5. DeChene, ET, et al. Congenital Fiber-Type Disproportion. 2007 Jan 12. In: Pagon, RA, et al, editors. GeneReviews(®) (Internet). University of Washington, Seattle. PMID: 20301436
  6. Dimachkie, MM, Barohn, RJ. Distal myopathies. Neurol Clin. 2014; 32(3):817-42, x. PMID: 25037092
  7. Gorokhova, S, et al. Clinical massively parallel sequencing for the diagnosis of myopathies. Rev. Neurol. (Paris). 2015; 171(6-7):558-71. PMID: 26022190
  8. Lampe, AK, et al. Collagen Type VI-Related Disorders. 2004 Jun 25. In: Pagon, RA, et al, editors. GeneReviews(®) (Internet). University of Washington, Seattle. PMID: 20301676
  9. M, King, W, Kissel, JT. Multidisciplinary approach to the management of myopathies. Continuum (Minneap Minn). 2013; 19(6 Muscle Disease):1650-73. PMID: 24305452
  10. Maggi, L, et al. Congenital myopathies--clinical features and frequency of individual subtypes diagnosed over a 5-year period in the United Kingdom. Neuromuscul. Disord. 2013; 23(3):195-205. PMID: 23394784
  11. Malicdan, MCV, Nishino, I. Central Core Disease. 2007 May 16. In: Pagon, RA, et al, editors. GeneReviews(®) (Internet). University of Washington, Seattle. PMID: 20301565
  12. North, KN, Ryan, MM. Nemaline Myopathy. 2002 Jun 19. In: Pagon, RA, et al, editors. GeneReviews(®) (Internet). University of Washington, Seattle. PMID: 20301465
  13. Stamm, DS, et al. Native American myopathy: congenital myopathy with cleft palate, skeletal anomalies, and susceptibility to malignant hyperthermia. Am. J. Med. Genet. A. 2008; 146A(14):1832-41. PMID: 18553514

Assay and technical information

Invitae is a College of American Pathologists (CAP)-accredited and Clinical Laboratory Improvement Amendments (CLIA)-certified clinical diagnostic laboratory performing full-gene sequencing and deletion/duplication analysis using next-generation sequencing technology (NGS).

Our sequence analysis covers clinically important regions of each gene, including coding exons, +/- 10 base pairs of adjacent intronic sequence, and select noncoding variants. Our assay provides a Q30 quality-adjusted mean coverage depth of 350x (50x minimum, or supplemented with additional analysis). Variants classified as pathogenic or likely pathogenic are confirmed with orthogonal methods, except individual variants that have high quality scores and previously validated in at least ten unrelated samples.

Our analysis detects most intragenic deletions and duplications at single exon resolution. However, in rare situations, single-exon copy number events may not be analyzed due to inherent sequence properties or isolated reduction in data quality. If you are requesting the detection of a specific single-exon copy number variation, please contact Client Services before placing your order.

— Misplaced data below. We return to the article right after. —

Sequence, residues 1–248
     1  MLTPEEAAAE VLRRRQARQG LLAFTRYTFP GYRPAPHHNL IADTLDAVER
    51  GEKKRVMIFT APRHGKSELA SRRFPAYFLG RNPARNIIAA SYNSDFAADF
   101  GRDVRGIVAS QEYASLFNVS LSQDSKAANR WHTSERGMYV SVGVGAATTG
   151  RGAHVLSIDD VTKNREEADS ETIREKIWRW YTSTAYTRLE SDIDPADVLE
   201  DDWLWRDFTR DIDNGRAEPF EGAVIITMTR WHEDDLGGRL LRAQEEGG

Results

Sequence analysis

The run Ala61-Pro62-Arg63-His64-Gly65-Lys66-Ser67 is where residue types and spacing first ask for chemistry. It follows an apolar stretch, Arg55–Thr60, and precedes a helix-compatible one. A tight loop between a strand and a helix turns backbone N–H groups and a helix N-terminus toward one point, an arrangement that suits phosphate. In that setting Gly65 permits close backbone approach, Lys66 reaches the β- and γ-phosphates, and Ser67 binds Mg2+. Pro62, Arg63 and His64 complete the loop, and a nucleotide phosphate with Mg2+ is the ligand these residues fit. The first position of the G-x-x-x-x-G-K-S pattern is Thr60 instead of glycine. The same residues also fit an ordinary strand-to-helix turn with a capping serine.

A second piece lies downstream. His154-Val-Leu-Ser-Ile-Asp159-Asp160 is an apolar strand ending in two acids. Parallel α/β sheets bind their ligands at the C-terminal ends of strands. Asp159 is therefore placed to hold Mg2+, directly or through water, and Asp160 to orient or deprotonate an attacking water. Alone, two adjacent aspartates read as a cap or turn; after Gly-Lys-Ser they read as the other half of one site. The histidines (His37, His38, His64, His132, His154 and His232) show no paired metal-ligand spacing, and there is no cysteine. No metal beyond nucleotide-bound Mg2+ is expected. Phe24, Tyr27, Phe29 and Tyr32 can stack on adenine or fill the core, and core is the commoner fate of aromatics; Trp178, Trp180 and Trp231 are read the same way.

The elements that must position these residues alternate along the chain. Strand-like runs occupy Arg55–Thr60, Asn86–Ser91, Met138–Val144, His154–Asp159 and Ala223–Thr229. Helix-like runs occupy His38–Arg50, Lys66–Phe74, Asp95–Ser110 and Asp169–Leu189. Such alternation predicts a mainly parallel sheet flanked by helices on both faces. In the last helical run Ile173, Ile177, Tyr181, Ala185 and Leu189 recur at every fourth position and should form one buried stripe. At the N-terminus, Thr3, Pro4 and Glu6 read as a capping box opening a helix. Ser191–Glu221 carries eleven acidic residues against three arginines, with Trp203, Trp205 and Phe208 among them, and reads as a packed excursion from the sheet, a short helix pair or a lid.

Gene Transcript reference Sequencing analysis Deletion/Duplication analysis
ACTA1 NM_001100.3
ANO5 NM_213599.2
ATP2A1 NM_173201.3
BAG3 NM_004281.3
BIN1 NM_139343.2
CACNA1S NM_000069.2
CAV3 NM_033337.2
CCDC78 NM_001031737.2
CFL2 NM_021914.7
CNTN1 NM_001843.3
COL12A1 NM_004370.5
COL6A1 NM_001848.2
COL6A2 NM_001849.3
COL6A3 NM_004369.3
CPT2 NM_000098.2
CRYAB NM_001885.2
DES NM_001927.3
DNAJB6 NM_058246.3
DNM2 NM_001005360.2
DYSF NM_003494.3
FHL1 NM_001449.4, NM_001159702.2
FKBP14 NM_017946.3
FLNC NM_001458.4
GNE NM_001128227.2
KBTBD13 NM_001101362.2
KCNJ2 NM_000891.2
KLHL40 NM_152393.3
KLHL41 NM_006063.2
LDB3 NM_001080116.1, NM_001171610.1
LMNA NM_170707.3
LMOD3 NM_198271.4
MATR3 NM_199189.2
MEGF10 NM_032446.2
MTM1 NM_000252.2
MYF6 NM_002469.2
MYH7 NM_000257.3
MYL2 NM_000432.3
MYOT NM_006790.2
NEB* NM_001271208.1
RYR1* NM_000540.2
SCN4A NM_000334.4
SEPN1* NM_020451.2
SQSTM1 NM_003900.4
STAC3 NM_145064.2
STIM1 NM_003156.3
TIA1 NM_022173.2
TNNT1 NM_003283.5
TPM2 NM_003289.3
TPM3 NM_152263.3
TTN* NM_001267550.2
VCP NM_007126.3

NEB: This assay detects the exon 55 deletion found in Ashkenazi Jewish individuals in association with nemaline myopathy. Exons 82-105 contain a large triplicated region. Deletion/duplication analysis excludes this region. Sequence changes in this region can be detected, but this assay cannot determine which of the three repeat units is affected (and zygosity is often ambiguous). All variants in this region are reported relative to the exon 82-89 repeat.
RYR1: Deletion/duplication analysis is not offered for exons 48 or 49.
SEPN1: Analysis includes the NM_20451.2:c.*1107T>C variant in the 3' UTR.
TTN: Deletion/duplication and sequencing analysis is not offered for exons 153-155 (NM_133378.4). Variants are named relative to the NM_001267550.2 (meta) transcript, but only variants in the coding sequence and intronic boundaries of the clinically relevant NM_133378.4 (N2A) isoform are reported (PMID: 25589632).